In January 2021, a Fund for the Improvement of Postsecondary Education (FIPSE) grant was awarded to support Exponential Pathways (XP)–a national career-exploration platform that aims to be personalized, scalable, and adaptable and is designed to assist low-income, socially, and economically disadvantaged high school students and adult learners as they explore pathways to postsecondary education and/or rewarding careers. The grant was awarded to the Council for Adult and Experiential Learning (CAEL) along with its partners, VantagePoint, The Mentor Method, the American Council on Education (ACE), and Emsi. ACE has brought on HEI as a partner in the evaluation of the XP platform.
The XP platform is a website where students can explore local careers and view the pathway and skills needed for those careers. Students can use the platform to build on their existing skills as well as learn new skills tailored to their career choices. XP can also be used by students to learn virtually from professionals in their chosen fields and build a network. This platform is considered unique in that it localizes the user experience and expands marketability by showing users intentional actions that they can take to build skills needed for their chosen career paths.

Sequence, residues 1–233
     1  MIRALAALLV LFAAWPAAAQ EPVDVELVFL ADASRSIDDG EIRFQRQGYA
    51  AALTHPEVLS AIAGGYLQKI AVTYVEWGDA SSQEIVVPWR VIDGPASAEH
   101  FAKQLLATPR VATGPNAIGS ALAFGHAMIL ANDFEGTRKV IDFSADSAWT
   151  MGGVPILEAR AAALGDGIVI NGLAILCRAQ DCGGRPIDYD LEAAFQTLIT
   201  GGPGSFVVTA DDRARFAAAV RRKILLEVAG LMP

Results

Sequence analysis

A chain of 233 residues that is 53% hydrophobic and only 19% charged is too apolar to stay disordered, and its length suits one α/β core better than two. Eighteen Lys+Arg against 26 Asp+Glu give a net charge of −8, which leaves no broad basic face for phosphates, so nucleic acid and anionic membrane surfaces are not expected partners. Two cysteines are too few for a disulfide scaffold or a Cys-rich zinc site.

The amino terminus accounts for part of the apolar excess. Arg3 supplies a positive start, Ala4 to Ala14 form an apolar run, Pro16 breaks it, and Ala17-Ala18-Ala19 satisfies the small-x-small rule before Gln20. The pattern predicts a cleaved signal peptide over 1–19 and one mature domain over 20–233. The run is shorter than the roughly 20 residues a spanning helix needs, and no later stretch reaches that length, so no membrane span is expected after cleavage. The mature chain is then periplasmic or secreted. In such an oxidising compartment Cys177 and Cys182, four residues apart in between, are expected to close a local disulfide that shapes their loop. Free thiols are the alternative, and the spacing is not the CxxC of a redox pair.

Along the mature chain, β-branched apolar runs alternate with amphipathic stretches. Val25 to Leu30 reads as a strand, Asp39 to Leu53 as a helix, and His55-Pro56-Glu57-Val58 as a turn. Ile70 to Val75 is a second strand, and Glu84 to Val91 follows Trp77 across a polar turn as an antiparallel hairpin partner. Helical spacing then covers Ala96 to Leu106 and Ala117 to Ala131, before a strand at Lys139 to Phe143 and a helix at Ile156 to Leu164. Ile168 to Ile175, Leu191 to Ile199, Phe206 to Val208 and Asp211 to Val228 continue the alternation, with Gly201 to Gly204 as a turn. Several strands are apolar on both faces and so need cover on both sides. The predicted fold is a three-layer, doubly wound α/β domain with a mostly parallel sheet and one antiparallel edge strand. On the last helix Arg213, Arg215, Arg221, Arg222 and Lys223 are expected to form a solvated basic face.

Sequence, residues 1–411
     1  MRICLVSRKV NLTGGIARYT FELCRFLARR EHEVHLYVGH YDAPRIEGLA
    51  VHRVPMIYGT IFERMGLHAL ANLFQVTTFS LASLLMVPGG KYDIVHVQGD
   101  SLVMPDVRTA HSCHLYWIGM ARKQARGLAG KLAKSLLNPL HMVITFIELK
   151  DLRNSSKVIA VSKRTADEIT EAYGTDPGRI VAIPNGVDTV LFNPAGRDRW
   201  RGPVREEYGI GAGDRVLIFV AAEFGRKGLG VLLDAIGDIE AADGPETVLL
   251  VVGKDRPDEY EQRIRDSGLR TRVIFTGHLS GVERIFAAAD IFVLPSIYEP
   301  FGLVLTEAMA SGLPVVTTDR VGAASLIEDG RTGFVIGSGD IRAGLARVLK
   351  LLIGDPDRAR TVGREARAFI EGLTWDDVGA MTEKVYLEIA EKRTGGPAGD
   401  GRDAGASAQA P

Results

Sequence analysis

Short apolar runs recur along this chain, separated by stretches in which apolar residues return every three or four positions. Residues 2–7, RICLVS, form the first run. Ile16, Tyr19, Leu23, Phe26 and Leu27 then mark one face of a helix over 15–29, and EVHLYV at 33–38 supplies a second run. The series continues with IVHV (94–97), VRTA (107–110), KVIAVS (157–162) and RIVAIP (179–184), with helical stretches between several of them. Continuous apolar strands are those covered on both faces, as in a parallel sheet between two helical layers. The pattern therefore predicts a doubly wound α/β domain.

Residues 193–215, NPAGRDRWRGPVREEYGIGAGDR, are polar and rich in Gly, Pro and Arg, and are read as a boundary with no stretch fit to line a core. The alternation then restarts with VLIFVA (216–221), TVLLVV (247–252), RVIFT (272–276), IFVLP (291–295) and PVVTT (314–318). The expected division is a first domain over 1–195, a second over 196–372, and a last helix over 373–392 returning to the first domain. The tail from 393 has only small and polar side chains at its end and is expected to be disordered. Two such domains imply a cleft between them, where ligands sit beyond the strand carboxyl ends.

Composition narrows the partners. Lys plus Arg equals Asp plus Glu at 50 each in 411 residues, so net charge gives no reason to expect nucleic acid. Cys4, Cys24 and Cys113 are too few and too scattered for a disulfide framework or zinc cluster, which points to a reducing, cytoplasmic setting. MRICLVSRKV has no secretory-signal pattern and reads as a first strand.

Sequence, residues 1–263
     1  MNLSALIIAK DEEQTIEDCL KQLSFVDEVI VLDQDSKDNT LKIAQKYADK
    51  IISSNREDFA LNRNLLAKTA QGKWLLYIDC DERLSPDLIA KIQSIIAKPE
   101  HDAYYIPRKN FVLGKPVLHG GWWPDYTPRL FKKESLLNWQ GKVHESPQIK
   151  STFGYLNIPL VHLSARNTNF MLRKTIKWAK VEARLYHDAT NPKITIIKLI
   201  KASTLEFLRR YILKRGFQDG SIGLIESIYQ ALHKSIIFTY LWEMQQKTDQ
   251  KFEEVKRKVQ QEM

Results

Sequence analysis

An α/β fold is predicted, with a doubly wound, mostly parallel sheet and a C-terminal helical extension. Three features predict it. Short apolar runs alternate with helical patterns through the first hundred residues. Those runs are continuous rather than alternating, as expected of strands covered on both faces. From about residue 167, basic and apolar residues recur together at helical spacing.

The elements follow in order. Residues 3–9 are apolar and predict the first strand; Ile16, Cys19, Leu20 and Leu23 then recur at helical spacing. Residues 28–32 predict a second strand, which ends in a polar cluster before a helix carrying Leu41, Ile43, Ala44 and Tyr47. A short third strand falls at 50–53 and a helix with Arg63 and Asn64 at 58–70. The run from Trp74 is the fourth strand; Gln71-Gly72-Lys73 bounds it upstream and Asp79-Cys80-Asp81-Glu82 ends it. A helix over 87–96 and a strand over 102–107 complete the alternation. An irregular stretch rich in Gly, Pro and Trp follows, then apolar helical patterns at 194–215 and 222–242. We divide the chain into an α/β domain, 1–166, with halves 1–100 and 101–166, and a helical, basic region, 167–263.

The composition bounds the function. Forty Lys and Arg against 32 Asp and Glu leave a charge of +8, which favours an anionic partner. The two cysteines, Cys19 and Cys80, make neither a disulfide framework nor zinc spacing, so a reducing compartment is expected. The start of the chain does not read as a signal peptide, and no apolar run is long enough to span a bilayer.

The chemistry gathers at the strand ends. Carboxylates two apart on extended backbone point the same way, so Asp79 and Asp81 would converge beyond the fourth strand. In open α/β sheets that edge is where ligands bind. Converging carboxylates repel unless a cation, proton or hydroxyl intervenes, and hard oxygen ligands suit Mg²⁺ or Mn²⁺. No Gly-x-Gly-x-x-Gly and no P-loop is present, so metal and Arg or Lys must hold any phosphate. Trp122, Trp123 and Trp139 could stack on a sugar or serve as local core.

HEI’s goals in the evaluation reflect the following themes:
- Design and implementation – the process of developing, testing, and modifying the XP Connected Pathways tool.
- Reaching the target population – whether and to what extent the target student populations are being reached.
- User experience/usability of the application – understanding the ways in which students are using the tool and feedback that leads to changes.
- Value to the target population – whether students see value in the experience and are creating plans through the tool.
- Scalability and sustainability – the extent to which Connected Pathways is replicated in other sites and with other students, as well as its ability to be freely available after the grant period.
As with all of our projects, we are using an appreciative (strengths-based) and collaborative approach, reflecting the importance of including stakeholders and participants in the evaluation design and implementation by meeting at the end of each grant year. In addition, when gathering data from multiple sources and sites—especially efforts prioritizing specific populations—we recognize the importance of adaptability. This includes embracing the likelihood of making changes to data collection approaches, study timelines, or other related protocols over the course of an engagement to meet project needs.
We are pleased to be working on this evaluation alongside CAEL and ACE, and hope that the results prove useful to the future of the program!
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By Ashley Mineard, Administrative Support Specialist